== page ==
I do suspect its unusual for people to not get enough sodium, but I'm proof that it can happen, and I'd bet that a significant minority of the people who re most actively managing their diabetes are in the same situation...

 

................................


I'm glad you mentioned the possible connection of lack of sodium with muscle cramping, Morris.  I did find that mentioned somewhere recently when I was searching for reasons for my crazy right arm bicep cramps not long ago, after lifting my usual 4 - 5 pound dumbbells, but after a stretch (subliminal) of having ignored them for a while.  So I started adding a little more salt to my diet, in addition to extra water, just in case.  I came to the conclusion that it was due to several things, and not just one thing, and haven't had a problem since then.  Interesting how salt makes one thirsty, so it may help with water intake in that way.  I have tried to limit sodium intake over the last dozen+ years, but not terribly severely, and usually end up mixing salted and sodium-free versions of things like nuts, when possible.  It really IS amazing how much sodium is dumped into so many things on the grocery shelves -- sort of like sugar.  It's usually one or the other, but sometimes the manufacturers dump BOTH a ton of sugar AND salt into the same pitiful package.  That's when my blood really boils, and I get the heck outta there!  :smileywink:

Nancy ~ T2 since '98 ~ 16 yrs ~ D&E 11yrs ~ treadmill, elliptical, bike 15-20 minutes 3x/day (including evening), dumbbells/resistance training, small portions heart-healthy high-fiber/low-fat fuel/carb-counting, 500mg Glucophage XR x4, 2.5mg Glucotrol XL x6, 6000IU Vit. D/day ~ RHR 53 ~ A1cs mainly between 5.9-6.9 av. 6.5
alan_s
Total Posts: 14,371
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Registered on: ‎10-30-2009

Re: Be Sodium-Savvy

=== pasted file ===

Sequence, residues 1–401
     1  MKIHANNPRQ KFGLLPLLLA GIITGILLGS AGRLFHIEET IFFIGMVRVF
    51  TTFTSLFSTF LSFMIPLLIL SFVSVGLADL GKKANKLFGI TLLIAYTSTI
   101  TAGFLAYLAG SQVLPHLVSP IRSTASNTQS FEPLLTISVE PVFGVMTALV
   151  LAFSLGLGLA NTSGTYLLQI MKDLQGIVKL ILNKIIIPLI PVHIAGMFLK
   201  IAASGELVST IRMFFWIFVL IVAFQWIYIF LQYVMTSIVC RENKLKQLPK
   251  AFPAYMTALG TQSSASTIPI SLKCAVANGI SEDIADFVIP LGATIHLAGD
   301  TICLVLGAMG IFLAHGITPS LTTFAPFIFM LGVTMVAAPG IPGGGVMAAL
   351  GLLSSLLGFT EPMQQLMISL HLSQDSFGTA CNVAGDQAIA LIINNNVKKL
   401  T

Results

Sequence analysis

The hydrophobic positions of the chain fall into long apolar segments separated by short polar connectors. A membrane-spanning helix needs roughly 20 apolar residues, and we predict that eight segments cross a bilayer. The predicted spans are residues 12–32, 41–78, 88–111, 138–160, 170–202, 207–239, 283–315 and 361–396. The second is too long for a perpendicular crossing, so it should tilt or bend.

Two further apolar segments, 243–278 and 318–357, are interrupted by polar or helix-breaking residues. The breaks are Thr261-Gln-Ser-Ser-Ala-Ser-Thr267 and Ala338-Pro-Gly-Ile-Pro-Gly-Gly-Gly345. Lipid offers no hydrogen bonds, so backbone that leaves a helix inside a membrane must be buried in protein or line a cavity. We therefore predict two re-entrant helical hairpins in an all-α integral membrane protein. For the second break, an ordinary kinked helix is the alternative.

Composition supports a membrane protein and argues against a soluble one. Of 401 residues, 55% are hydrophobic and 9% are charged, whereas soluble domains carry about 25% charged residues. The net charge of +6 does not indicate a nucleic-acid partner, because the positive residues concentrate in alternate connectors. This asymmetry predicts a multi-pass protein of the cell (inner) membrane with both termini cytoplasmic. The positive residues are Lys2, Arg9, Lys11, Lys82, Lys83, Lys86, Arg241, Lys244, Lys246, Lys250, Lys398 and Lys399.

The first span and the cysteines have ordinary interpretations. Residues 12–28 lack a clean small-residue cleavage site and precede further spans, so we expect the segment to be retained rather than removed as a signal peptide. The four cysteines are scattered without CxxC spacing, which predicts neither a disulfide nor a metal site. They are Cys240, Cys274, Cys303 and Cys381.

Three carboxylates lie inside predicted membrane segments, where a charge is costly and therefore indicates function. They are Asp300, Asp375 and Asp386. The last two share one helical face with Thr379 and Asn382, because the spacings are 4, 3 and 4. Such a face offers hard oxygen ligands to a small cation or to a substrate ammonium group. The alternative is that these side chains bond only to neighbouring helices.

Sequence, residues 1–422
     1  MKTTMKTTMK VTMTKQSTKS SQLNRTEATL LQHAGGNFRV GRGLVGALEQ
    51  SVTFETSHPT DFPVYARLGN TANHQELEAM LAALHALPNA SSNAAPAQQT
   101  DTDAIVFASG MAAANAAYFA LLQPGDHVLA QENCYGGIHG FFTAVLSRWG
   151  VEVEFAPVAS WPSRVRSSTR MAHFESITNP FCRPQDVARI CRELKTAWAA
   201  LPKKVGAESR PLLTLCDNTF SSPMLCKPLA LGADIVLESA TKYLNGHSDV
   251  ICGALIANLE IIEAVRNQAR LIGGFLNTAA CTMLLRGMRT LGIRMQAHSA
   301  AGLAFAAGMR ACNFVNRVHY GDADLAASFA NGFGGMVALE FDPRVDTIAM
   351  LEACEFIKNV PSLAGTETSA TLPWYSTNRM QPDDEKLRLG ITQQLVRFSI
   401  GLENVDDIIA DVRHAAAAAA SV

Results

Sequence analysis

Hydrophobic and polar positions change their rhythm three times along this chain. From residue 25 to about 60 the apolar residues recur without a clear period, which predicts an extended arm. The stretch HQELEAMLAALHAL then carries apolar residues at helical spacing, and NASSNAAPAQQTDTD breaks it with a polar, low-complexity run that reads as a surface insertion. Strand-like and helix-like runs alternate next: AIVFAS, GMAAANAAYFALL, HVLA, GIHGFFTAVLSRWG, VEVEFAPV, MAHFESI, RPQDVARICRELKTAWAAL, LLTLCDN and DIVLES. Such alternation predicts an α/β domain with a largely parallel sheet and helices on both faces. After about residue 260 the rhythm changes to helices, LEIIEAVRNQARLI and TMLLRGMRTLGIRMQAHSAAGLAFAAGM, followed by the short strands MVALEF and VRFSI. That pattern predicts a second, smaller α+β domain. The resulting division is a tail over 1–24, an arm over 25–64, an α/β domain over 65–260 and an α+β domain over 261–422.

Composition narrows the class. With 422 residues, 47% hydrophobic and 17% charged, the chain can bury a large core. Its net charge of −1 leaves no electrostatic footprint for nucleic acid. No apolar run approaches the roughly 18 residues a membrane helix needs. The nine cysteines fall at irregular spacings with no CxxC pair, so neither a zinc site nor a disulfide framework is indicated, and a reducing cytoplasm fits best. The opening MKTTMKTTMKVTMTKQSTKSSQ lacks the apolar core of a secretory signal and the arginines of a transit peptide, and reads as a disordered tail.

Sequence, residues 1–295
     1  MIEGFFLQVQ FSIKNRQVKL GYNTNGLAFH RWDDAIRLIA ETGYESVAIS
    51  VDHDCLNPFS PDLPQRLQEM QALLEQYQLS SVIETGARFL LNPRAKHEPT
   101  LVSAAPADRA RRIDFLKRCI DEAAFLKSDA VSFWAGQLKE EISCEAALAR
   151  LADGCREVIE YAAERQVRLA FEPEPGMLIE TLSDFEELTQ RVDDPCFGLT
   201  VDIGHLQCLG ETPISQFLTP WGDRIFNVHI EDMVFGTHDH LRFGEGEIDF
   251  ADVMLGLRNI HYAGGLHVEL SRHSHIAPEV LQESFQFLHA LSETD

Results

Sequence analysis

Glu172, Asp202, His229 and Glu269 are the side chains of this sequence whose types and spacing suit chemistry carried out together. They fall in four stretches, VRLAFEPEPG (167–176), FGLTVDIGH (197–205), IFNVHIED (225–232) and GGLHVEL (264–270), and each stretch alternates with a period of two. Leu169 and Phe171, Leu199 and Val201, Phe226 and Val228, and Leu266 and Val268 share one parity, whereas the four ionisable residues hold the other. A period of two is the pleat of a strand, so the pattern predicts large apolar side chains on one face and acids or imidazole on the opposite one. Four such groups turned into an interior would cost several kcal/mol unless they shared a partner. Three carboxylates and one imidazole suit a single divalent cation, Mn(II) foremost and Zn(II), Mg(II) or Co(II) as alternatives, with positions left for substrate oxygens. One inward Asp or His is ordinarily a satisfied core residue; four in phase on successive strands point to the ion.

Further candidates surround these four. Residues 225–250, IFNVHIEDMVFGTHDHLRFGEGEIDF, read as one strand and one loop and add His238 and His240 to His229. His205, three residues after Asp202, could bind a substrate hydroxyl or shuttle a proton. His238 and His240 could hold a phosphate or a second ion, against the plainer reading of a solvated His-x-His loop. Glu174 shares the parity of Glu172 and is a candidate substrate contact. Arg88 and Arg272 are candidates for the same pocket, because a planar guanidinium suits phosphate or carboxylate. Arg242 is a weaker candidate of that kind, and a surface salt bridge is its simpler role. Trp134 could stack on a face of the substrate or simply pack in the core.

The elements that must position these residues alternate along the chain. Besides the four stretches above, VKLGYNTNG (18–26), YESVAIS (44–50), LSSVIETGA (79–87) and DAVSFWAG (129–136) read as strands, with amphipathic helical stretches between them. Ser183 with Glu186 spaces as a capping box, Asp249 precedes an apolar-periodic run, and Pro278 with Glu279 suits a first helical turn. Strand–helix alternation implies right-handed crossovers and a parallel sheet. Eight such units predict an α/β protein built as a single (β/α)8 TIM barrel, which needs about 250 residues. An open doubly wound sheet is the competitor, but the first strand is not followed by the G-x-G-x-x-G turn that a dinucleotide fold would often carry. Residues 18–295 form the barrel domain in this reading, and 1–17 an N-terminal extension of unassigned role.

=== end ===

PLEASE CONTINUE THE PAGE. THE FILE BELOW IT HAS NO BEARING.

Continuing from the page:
[ Edited ]


morrisolder wrote:

This is a tricky one...

Spoiler

the common  American diet is way too high on salt, as noted, and many people arrive here, especially newly diagnosed, who are eating that diet in one form or another.

 

On the other hand, most of the people who have done a good job altering their diet to manage blood glucose issues are not eating that diet, particularly in this respect: "It is estimated that about 75% or more of the sodium Americans eat is from processed, packaged foods." We are following the advice to eat lots of fresh vegetables and fruit and unprocessed foods in general.

 

There is also the truth, and check with your experts if you think I am stretching it, that while too much sodium can cause high blood pressure, that only happens with something like 20% of all people. For the rest of use, too much salt does not have that effect. 

 

I have been told there are other good health reasons to avoid sodium, although I haven't found what they are.  If that is true, those reasons should be listed on this page.

 

It took me years to figure out why I was getting horrible leg cramps intermittently at night. It's supposed to be an electrolyte imbalance, and I tried to make sure I was getting enough potassium, magnesium, calcium and I forget what else, none of which helped. I assumed for a long time it was the statin medication I was taking, but stopping taking that made no difference at all. Dehydration was another possibility, but did not seem to fit.  Finally about a year ago I was hiking with a retired doctor, who put me back on the first theory, and we settled on sodium. I actually had been suffering from not getting enough sodium, suffering from a too-low sodium diet for years, because I eat such a natural diet. This was especially true when I had gone on a long hike or worked on trail, or otherwise exerted greatly. Now I try to eat more salt, it happens less frequently, and when it starts, I get up and eat a couple of salty crackers, end of problem...  And my blood pressure has not been affected...